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Tickers in this Article: GCO, FINL, FL, NKE, TBL
In July I wrote about Finish Line's (Nasdaq:FINL) return to health after an aborted takeover attempt of foot- and head-wear retailer Genesco (NYSE:GCO). I concluded that Finish Line was better off without the merger, and now I'll discuss why the same is true for Genesco. Sometimes calling off a marriage at the last minute isn't such a bad idea.

A Checkered Past
James Franklin Jarman started the company in 1924, changing the name to General Shoe Company in 1933. In 1959, after many non-footwear acquisitions including Henri Bendel, it changed its name to Genesco, reflecting a company that was more than just shoes. Unfortunately, the move away from footwear diverted its attention, sending the company into financial distress.

Like a yo-yo, Genesco's sales were up and down, hitting the $1 billion mark in 1968. Between then and now, many downsizings have taken place to return it to profitability. In the last five years, revenue has grown from $837 million in 2003 to $1.5 billion in 2008 - only $100 million more than the $1.4 billion it generated in 1972. That's 36 years ago, and with no inflationary adjustment. Genesco hasn't always lived up to its billing.

Just Say No
In my opinion, takeovers or mergers rarely work if there isn't an understanding of the role each party plays in the transaction. Clearly, Genesco felt it was at least an equal to Finish Line, having twice rebuffed Foot Locker (NYSE:FL), its much bigger rival. Finish Line, while much smaller, would be running the combined company. Something had to give. As it turned out, that something was Genesco's finances.

Finish Line pulled the plug on the deal, and soon both parties found themselves in court fighting over whether the deal should proceed. Ultimately, in March, Genesco agreed to a settlement with Finish Line, receiving $175 million in cash and 6.5 million shares. All Genesco shareholders, as of May 30, would receive 0.34 of a share of Finish Line stock. (Learn the five ways mergers and acquisitions can increase a company's value in Mergers Put Money In Shareholders' Pockets.)

On March 4, the day of the settlement announcement, Finish Line shares were trading at $4.28. At September 3 prices of around $11.75, those 6.5 million shares had a $50 million gain in six months, a period that wasn't very friendly to most stocks.

Sales Boosted By Head-Wear
Genesco's second quarter beat analysts' estimates by 350% - 18 cents actual versus 4 cents estimated. Comparing like numbers requires a lot of sorting, but they are there. Charges galore hide a relatively healthy business.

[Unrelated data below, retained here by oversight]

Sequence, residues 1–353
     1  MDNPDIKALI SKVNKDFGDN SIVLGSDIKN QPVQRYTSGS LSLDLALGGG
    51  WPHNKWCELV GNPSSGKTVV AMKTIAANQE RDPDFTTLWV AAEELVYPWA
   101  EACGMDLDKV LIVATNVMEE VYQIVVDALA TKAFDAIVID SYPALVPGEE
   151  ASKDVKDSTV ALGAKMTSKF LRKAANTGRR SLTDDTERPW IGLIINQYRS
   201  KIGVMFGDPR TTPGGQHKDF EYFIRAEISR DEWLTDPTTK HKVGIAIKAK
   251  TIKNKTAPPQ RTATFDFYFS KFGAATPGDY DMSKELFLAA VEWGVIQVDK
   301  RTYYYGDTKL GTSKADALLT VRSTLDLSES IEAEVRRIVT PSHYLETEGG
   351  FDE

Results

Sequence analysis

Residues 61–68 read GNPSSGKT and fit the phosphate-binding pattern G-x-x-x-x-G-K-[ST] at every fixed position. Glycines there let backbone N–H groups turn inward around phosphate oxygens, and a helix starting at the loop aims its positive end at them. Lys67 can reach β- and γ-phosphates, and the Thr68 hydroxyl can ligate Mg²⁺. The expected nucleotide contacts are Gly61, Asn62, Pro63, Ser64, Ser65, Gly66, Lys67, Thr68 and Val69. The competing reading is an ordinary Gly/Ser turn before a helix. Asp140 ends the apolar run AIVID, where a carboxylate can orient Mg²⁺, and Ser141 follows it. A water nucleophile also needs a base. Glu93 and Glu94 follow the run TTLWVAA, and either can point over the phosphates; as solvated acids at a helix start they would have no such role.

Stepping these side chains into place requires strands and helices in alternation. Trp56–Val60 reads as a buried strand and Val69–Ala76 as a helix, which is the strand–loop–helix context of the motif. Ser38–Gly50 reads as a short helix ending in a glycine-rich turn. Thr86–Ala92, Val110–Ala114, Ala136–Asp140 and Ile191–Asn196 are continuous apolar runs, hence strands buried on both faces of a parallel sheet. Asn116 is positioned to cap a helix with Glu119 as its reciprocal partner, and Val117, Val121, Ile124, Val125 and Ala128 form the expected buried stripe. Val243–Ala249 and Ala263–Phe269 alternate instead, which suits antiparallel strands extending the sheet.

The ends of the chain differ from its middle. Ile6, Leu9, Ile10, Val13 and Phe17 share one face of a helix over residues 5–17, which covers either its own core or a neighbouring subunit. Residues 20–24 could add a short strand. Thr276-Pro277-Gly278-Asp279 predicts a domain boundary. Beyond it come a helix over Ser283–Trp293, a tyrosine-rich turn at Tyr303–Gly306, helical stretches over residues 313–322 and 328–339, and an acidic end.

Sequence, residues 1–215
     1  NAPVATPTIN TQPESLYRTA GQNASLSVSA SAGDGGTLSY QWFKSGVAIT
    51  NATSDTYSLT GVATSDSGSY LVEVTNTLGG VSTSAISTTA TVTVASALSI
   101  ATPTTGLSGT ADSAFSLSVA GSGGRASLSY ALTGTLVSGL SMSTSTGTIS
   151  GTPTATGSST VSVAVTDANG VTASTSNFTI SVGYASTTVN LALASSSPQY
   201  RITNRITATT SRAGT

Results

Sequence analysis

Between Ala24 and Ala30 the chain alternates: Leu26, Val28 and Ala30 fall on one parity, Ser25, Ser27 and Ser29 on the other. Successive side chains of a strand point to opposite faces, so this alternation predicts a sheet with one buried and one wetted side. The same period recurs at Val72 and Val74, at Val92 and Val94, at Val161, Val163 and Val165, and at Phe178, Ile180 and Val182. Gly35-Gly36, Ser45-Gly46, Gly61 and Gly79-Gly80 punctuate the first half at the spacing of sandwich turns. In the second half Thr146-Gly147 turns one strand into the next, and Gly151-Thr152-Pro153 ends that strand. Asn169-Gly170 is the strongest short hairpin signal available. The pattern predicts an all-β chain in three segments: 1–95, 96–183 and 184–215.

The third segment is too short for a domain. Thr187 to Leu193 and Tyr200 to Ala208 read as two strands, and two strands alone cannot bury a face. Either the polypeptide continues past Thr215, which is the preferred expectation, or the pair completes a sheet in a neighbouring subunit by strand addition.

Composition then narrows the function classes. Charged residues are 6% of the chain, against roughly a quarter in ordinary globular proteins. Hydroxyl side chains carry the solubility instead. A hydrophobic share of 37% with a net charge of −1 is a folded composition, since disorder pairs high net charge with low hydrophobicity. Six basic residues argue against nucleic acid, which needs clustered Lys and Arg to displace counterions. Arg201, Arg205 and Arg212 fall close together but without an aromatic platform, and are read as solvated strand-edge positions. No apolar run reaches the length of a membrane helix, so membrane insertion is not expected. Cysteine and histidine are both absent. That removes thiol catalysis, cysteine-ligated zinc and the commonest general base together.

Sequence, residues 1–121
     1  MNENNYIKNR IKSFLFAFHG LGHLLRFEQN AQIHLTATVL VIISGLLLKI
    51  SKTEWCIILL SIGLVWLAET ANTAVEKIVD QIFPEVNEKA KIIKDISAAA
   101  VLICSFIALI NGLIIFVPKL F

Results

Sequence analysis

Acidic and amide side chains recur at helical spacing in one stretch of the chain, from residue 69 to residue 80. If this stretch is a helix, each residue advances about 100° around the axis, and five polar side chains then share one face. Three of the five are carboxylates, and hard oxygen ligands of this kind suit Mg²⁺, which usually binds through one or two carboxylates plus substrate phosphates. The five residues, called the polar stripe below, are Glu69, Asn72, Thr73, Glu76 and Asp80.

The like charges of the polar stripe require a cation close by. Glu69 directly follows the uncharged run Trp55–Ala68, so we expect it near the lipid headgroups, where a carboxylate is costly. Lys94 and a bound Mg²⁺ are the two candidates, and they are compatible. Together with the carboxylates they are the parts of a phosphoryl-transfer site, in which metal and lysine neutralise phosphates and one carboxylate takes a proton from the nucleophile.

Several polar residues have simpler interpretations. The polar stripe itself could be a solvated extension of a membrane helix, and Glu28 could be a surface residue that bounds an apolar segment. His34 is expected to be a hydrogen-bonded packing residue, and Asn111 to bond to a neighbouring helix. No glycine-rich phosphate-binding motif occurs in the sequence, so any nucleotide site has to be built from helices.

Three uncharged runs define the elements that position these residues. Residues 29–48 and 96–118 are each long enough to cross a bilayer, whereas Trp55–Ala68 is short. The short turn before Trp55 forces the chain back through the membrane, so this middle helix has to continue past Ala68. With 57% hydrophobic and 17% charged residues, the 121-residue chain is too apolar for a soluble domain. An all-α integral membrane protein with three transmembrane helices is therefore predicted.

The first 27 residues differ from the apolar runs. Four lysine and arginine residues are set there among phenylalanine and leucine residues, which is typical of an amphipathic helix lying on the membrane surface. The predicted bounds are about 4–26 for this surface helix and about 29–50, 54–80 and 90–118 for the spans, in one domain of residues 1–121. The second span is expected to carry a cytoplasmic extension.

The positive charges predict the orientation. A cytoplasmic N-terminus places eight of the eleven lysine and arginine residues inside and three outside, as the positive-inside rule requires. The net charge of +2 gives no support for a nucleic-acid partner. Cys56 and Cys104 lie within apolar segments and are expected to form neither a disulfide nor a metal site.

Net sales were up 8% to $353 million from $328 million a year earlier. Same-store sales were up 4%. One of the best results was at the company's Hat World division, which increased sales of 13% on top of 7% same-store sales gains. Further, Hat World's operating income increased more than 54% with a margin over 10%, compared to 8% a year earlier. Hats are hot.

As a result, Genesco raised guidance for the rest of the year. It now expects earnings per share of $2.15 to $2.20, excluding charges. There's a tip of the hat on the news!

Stock Performance
If there's one thing investors like, it's consistency - and there has been very little in Genesco's 84-year history. While sales have grown, earnings have come and gone. Operating earnings grew from $51.6 million in 2003 to $121 million in 2007, dropping to $45.2 million in 2008. Of that drop, $27.6 million relates to the terminated merger agreement. Certainly, operating profits would have been higher without the costs and distraction of the merger, but then shareholders wouldn't be the beneficiaries of Finish Line stock and a $100 million stock repurchase program, both part of the settlement reached in March.

One hundred dollars invested at the end of fiscal 2003 was worth $201.32 at the end of fiscal 2008. This is better than the S&P 500 at $180.04, but worse than the S&P 1500 Footwear Index, which includes companies like Nike (NYSE:NKE) and Timberland (NYSE:TBL). In the past 52 weeks, Genesco's stock is down 16%. However, in August the 50-day moving average rose above the 200-day moving average for the first time since late 2006. That's a good sign. (For more on reading charts, check out Moving Averages: Strategies and Five Chart Patterns You Need to Know.)

Bottom Line
In mid-August, Genesco announced its Johnston & Murphy subsidiary, known for making quality men's shoes, was introducing its first women's line with prices from $150 to $250. Initially available in 28 Johnston & Murphy stores, it will introduce a women's catalog in the fall. Focus is good. Genesco needs to forget about making deals and just go out and operate good retail stores. The stock price will take care of itself.

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